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Parking policy puzzles public

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If you found a slip of paper on your car this week notifying you of a parking violation, you weren’t alone.

Dozens of residents were caught off guard this week when the Johnson County Sheriff’s Office wrote 54 parking warnings for vehicles parked in some Center Grove area subdivisions that were in violation of a longtime county rule.

The dastardly deed that was committed? Not parking in front of someone’s driveway, blocking a fire hydrant or even parking the wrong direction on the street. Instead, they simply parked their vehicles on a county-owned street, which is not allowed from 11 p.m. to 7 a.m. Monday through Thursday.

If you weren’t aware of the rule, don’t worry; neither were most people.

Residents lit up the phone lines at the sheriff’s office the next day with questions and complaints about where the parking rules came from. Neighbors were abuzz on Facebook, wondering how they got a warning for doing something that seemed so innocuous.

The parking rules in unincorporated parts of the county, which has a population of about 42,000 people in White River Township alone, have been in place for almost 25 years, approved by the commissioners in 1989.

The ordinance allows police to write a warning, issue a ticket that could reach up to $2,500, or even tow the offending vehicle if it is parked on a county road during the prohibited hours. Neither Greenwood or Franklin has a similar rule.

The county’s ordinance is designed to allow school buses, emergency vehicles and traffic to be able to safely drive through neighborhoods, Sheriff Doug Cox said.

Police received a couple of complaints this week about people parking on the street in the Wakefield West subdivision, located near Morgantown and Smith Valley roads. The shift commander decided to have deputies give warnings to anyone violating the ordinance in those neighborhoods. But there are no plans to visit every neighborhood and write warnings or tickets for violations, Cox said.

He said he understands the problems some will have fitting all of their family’s vehicles into a garage and driveway, but the commissioners are in charge of making these rules.

“We just enforce the law,” Cox said.

The ordinance has left some residents wondering why the rules are in place and debating calling the commissioners to voice their concern. Some residents are even considering parking their cars on their lawns to avoid a ticket.

Most people see some value in the parking ordinance for extreme violations. A few years ago a home in the Wakefield subdivision had about six cars sitting in a driveway and a few parked along the street. Neighbors used to joke that the homeowner must have been a used car salesman.

Well, that turned out to be true, and the man was bringing his work home with him, said Eric Radecki, a resident in the subdivision for about the past seven years.

The ordinance would be beneficial for those extreme cases, he said.

Radecki never knew about the rule until his high-school aged son came back inside one morning after finding a parking warning on his windshield. His son had parked his car on the street in front of the family’s home, just like he had countless other nights.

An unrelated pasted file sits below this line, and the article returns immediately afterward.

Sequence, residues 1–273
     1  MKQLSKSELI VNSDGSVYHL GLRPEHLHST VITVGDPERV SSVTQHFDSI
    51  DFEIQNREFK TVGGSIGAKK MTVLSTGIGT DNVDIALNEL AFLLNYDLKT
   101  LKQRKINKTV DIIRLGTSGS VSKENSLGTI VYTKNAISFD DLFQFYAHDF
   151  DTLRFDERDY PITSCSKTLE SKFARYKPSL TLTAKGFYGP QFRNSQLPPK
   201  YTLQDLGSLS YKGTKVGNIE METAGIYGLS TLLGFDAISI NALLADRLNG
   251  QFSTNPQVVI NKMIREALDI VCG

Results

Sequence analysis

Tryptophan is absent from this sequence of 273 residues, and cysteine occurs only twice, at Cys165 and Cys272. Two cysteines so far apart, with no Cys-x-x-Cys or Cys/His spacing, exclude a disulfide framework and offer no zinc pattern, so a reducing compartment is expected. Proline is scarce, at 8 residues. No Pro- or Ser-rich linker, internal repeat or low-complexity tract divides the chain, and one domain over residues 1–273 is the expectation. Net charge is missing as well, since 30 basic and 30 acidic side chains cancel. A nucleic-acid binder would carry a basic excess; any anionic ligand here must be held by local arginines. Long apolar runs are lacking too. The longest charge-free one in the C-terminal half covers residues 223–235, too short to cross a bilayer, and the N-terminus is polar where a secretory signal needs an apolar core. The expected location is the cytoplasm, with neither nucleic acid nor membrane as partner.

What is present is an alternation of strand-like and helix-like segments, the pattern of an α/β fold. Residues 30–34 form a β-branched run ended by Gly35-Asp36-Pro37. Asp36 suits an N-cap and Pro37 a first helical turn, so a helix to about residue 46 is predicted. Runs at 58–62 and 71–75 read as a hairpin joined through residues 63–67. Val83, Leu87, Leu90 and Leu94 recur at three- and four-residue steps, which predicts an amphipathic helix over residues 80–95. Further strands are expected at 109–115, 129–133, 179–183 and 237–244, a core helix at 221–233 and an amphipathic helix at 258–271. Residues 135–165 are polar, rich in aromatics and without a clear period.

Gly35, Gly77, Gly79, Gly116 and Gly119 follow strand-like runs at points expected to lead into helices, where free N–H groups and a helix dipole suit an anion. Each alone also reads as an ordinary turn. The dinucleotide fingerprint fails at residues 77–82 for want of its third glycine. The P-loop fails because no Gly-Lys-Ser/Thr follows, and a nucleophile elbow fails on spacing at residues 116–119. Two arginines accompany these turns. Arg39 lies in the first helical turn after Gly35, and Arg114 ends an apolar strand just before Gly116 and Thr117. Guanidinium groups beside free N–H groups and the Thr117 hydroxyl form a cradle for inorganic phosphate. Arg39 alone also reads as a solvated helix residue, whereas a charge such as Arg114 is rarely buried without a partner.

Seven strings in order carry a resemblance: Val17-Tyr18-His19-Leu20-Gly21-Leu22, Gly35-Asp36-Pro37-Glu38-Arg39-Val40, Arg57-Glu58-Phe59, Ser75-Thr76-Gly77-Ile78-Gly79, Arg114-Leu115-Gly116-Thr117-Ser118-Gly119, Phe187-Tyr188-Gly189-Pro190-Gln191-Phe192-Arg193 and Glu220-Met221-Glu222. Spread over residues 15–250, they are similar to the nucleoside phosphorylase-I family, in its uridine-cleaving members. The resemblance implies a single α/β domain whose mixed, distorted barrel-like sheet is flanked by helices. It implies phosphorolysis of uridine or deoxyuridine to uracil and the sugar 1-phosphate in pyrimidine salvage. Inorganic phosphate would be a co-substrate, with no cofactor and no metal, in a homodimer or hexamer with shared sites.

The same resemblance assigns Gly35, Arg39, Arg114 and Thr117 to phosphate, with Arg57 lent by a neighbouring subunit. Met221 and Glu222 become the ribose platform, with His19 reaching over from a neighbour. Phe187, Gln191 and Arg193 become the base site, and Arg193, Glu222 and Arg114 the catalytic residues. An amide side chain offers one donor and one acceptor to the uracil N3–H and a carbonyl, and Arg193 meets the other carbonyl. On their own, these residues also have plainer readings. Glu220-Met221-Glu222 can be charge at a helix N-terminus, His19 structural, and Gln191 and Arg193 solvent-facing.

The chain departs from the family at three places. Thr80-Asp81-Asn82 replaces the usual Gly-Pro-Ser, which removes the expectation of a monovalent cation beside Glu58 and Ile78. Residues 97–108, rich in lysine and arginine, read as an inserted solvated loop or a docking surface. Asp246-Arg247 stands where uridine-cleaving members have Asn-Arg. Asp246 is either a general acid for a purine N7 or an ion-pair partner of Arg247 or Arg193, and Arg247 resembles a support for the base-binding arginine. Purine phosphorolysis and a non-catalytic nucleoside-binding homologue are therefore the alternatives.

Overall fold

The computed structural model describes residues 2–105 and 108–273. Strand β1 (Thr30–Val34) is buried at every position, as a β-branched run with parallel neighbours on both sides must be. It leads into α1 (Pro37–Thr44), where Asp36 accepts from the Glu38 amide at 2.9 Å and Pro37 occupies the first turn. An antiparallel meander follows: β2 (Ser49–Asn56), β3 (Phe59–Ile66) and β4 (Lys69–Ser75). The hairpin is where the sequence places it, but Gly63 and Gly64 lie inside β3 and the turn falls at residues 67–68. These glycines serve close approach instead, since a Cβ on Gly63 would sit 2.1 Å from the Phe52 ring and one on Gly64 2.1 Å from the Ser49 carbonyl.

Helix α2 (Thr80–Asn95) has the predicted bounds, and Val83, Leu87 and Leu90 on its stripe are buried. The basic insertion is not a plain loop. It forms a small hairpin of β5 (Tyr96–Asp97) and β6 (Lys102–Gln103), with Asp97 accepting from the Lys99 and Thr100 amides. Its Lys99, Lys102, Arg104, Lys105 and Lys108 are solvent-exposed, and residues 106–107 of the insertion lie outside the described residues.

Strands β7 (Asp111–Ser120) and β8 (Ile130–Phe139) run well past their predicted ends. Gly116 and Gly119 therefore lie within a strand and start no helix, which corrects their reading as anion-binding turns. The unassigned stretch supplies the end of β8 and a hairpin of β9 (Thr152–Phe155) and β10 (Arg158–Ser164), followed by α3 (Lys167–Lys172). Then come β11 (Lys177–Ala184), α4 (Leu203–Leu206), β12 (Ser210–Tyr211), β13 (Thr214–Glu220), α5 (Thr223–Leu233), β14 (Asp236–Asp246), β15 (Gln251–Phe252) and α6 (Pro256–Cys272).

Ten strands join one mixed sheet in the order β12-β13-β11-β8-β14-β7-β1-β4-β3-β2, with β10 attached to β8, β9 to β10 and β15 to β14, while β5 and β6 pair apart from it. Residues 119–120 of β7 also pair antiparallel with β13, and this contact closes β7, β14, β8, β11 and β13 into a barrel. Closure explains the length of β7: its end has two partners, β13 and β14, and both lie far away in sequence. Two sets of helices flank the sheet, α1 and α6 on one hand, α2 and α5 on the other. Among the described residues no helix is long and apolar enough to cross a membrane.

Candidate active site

The rules could serve a purpose if it keeps congestion off the streets or is designed to protect children who might run out from behind a parked car. But the timing seems odd, Radecki said.

“But it seems like what is really playing out is an inconvenience for people and they have pulled it out of nowhere,” Radecki said.

The warnings issued by police weren’t limited to residents in the Wakefield West subdivision, as residents in nearby Windsong Estates also woke up with surprise warnings on their cars.

Patrick Acree has lived in his Windsong Estates home for about 25 years — about the same length of time the ordinance has been on the books — but has never heard of anyone getting a ticket for parking on the street. His daughter was heading to work when she noticed a warning on her car’s windshield.

“If there is a good reason for what they’re doing, then I’d like to hear it,” Acree said. “I can’t imagine that regulating people parking along the street in a residential neighborhood is not overreaching by the government. It’s not been a problem since I’ve lived here for 25 years.”

Vinessa Morford did not get a warning or ticket for parking on the street but worries how her family will comply with the rules in a few years. The family has two children who are not yet driving age. Once they get their licenses, Morford is not sure where those cars will fit. A boat has to sit inside the garage, limiting parking space to the driveway.

“I’ve seen a lot of things on Facebook about these warnings, and it seemed to come out of the blue, catching people off guard,” Morford said. “People have not been too happy about it. I think it’s ridiculous, and it violates our rights.”

Acree has to figure out how to park five cars each night without having any of them on the street. The family keeps their minivan in the garage, while three cars can fit on the driveway. But what about his daughter’s car, the one that got the police warning?

“It doesn’t look good, but we’ve pulled my daughter’s car on the grass,” Acree said. “I don’t like doing it because I live in a relatively nice home. But if all four wheels are off the concrete we should be OK.”

The county doesn’t have rules against parking in the yard, but it could violate the homeowner association’s rules, Cox said.

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